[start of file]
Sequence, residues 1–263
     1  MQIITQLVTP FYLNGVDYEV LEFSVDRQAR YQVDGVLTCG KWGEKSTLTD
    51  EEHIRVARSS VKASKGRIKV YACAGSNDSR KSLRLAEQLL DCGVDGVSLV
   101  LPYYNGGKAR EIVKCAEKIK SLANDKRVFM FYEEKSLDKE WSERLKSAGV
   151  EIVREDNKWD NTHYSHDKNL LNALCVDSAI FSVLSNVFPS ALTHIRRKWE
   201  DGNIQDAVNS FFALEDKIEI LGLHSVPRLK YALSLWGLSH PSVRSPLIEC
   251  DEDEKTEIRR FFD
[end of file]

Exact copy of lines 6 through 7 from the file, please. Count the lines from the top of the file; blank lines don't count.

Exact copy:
   201  DGNIQDAVNS FFALEDKIEI LGLHSVPRLK YALSLWGLSH PSVRSPLIEC
   251  DEDEKTEIRR FFD